Tottenham Hotspur vs. Everton: Tactical Preview

The difference between Everton’s past two seasons was significant, to say the least. In 2013/14, the Toffees secured a fifth place finish with 72 points. Last year, they only managed 47 points and 11th place. It’s still too early to tell which Everton will show up this season, but absence of Europa League may help their cause (my piece on the impact of Europa League determined that the competition costs Spurs roughly seven points per season). Nevertheless, the Toffees are, for the time being, a bit of a wildcard.

Going into the season, Everton looked to have a top notch defense. Captain, Phil Jagielka, and John Stones were to anchor the center while Leighton Baines and Seamus Coleman would set the Premier League standard at fullback. But things haven’t quite panned out. Baines re-injured the ankle he recently had surgery on just before the Toffees’ season opener against Watford, and is out for the foreseeable future. Stones could well be on his way to Stamford Bridge before September 1st. Whether Stones will still be a Toffee on Saturday is unknown but the absence of Baines is a significant blow to Everton, in both defensive and offensive terms–Baines tallied more assists than any other Everton player last season (9), which put him at eighth in the Premier League. In his place at left back is 19-year-old, Brendan Galloway. Tim Howard will start between the sticks following a both disappointing and impressive performance against Manchester City last weekend.

The first band of midfield will feature James McCarthy and Gareth Barry. Whichever of these two plays on the right may have to provide cover for an attack-minded Coleman. All considered, the Toffees’ back six is solid, yet it is still the same back six that conceded 16 shots to Spurs at Goodison Park on the final day of last season.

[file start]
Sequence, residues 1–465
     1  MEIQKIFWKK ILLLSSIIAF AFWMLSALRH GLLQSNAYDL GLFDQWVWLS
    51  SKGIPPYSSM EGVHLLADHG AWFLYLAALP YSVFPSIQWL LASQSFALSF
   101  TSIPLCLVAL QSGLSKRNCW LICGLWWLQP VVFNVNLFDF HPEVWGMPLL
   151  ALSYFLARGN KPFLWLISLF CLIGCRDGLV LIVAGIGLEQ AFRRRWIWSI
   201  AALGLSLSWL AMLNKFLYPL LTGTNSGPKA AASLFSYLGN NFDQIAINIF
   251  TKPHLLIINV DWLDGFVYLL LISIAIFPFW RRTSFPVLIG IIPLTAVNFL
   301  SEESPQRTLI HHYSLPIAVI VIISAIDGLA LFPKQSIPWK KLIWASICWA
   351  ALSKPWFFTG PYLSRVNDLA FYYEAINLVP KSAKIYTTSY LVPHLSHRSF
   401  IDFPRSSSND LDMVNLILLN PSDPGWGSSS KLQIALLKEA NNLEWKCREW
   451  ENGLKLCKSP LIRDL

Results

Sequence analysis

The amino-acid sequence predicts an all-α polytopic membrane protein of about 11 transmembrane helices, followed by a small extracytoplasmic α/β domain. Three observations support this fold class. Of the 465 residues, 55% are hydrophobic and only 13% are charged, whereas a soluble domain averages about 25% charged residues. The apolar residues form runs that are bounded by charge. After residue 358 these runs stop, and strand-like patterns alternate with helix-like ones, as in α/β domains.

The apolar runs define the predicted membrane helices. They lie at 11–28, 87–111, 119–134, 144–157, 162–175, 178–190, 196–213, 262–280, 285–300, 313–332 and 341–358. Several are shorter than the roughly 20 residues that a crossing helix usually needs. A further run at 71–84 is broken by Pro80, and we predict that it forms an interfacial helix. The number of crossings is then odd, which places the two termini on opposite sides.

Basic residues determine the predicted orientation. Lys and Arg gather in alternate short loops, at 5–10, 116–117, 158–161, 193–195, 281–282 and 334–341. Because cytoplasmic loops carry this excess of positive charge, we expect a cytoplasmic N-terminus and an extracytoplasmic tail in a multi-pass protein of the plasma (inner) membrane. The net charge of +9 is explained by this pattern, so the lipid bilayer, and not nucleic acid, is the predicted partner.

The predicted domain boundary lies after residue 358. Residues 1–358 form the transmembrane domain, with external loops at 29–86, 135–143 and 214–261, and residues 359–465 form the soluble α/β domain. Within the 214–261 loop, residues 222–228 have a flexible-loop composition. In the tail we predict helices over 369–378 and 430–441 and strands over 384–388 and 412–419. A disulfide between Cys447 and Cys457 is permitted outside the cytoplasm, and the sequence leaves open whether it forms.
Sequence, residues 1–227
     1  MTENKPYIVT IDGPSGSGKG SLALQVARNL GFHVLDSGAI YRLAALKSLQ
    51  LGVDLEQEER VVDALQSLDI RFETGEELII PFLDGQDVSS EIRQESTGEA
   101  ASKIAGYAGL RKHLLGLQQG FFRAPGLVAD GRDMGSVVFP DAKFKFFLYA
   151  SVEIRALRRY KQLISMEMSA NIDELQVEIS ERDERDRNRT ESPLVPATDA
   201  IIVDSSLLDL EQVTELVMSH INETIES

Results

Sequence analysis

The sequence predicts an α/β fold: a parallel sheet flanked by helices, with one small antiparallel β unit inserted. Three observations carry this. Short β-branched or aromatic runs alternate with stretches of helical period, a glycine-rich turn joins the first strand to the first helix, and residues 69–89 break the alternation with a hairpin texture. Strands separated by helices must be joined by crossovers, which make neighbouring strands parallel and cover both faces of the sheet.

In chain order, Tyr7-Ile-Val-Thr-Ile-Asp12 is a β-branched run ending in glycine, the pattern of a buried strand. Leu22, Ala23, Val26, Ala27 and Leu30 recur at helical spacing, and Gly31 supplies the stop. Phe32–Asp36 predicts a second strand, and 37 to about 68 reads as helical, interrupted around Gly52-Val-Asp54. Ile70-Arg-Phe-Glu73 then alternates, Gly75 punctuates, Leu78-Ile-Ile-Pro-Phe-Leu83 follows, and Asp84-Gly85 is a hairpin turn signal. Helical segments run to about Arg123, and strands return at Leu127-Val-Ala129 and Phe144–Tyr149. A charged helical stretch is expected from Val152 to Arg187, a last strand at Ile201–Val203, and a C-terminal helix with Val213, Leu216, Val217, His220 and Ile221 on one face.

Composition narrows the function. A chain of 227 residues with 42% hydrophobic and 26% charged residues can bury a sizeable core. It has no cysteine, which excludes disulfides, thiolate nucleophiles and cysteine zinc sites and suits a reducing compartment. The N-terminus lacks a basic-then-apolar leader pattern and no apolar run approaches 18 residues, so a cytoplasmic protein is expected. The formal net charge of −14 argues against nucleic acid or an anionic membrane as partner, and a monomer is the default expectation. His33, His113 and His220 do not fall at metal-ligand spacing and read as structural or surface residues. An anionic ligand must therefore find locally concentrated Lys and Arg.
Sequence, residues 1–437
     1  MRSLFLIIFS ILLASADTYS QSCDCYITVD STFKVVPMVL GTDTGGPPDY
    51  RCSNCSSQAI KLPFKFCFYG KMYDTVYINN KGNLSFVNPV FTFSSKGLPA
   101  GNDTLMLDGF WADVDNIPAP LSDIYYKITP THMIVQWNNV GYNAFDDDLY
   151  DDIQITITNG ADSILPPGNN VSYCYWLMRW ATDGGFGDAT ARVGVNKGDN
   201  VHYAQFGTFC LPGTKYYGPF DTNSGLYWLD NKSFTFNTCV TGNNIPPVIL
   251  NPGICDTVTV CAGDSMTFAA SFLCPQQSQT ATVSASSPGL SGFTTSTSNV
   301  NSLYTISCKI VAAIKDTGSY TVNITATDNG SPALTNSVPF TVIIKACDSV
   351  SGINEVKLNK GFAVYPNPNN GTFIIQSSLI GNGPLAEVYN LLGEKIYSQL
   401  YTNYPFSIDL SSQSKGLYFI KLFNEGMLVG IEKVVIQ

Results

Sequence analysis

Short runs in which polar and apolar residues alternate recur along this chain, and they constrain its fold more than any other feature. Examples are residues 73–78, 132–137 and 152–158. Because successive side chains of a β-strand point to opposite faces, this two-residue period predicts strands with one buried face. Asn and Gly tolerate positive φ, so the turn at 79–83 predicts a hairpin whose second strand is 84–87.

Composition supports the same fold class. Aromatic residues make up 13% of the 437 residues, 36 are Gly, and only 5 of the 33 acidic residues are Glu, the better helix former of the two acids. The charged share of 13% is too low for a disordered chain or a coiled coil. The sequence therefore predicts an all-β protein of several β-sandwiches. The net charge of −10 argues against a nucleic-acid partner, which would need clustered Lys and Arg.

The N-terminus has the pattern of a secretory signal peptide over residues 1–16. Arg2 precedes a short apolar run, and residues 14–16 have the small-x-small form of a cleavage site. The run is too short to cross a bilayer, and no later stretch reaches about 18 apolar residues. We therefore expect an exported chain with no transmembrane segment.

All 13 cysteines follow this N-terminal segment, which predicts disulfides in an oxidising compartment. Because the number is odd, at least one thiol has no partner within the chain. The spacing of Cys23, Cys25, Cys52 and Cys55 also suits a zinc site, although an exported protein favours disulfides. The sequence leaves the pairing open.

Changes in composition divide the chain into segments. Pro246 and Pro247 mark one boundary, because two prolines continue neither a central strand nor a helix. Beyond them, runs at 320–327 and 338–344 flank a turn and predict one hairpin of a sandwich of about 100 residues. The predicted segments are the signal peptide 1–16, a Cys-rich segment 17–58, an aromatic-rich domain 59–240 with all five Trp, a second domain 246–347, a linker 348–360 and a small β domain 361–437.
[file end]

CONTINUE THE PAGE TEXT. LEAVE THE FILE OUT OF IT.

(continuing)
Ross Barkley will feature in the #10 role, having already scored twice and assisted once this season. Barkley is both a creator and a threat from long range - I envision Eric Dier being key in managing the playmaker.

On the wings there will likely be some combination of Arouna Koné, Tom Cleverley, and Kevin Mirallas. No matter which two start, expect them to swap sides of the pitch from time to time to change the flow of attack. These wingers will not only look to cross, they’ll look to make dangerous runs when Romelu Lukaku holds up the ball.

Perhaps the most interesting matchup the game will be that of Lukaku and his two Belgian international teammates, Vertonghen and Alderweireld. The Spurs central defenders are certainly familiar with Lukaku, but Lukaku is, by the same token, familiar with them. Lukaku has two goals and one assist in the Premier League thus far, and had a brace at Barnsley in the League Cup on Wednesday. A key part of the Belgian’s chance creation is hold up play–he’ll muscle many defenders off the ball and look for the runs of teammates. Tottenham’s fullbacks will have to be on high alert when Lukaku receives the ball at the top of the box and watch the runs of the wingers. Barkley will have to be watched closely in these situations as well.

The injury to Christian Eriksen is doing Spurs no favors. Assuming he is still unavailable on Saturday, we could well see Dele Alli make his first Premier League start. Eric Lamela started in the #10 role against Leicester, but I wouldn’t rule out the Argentine being moved out to the right in place of Dembélé. If Leighton Baines were available for Everton, Dembélé might seem the obvious option because of his more defensive presence, but Spurs are in a position to take defensive risks against a less experienced left back. That being said, Lamela has hardly earned his place, so the pair that occupy the #10 and #7 positions is anyone’s guess.

Spurs have taken all three points the last two times Everton visited the Lane, and the Spurs Projected Goal Difference model is predicting more of the same - the projected goal difference is +.73 in favor of the Lilywhites. A first win of the season would indeed be welcome.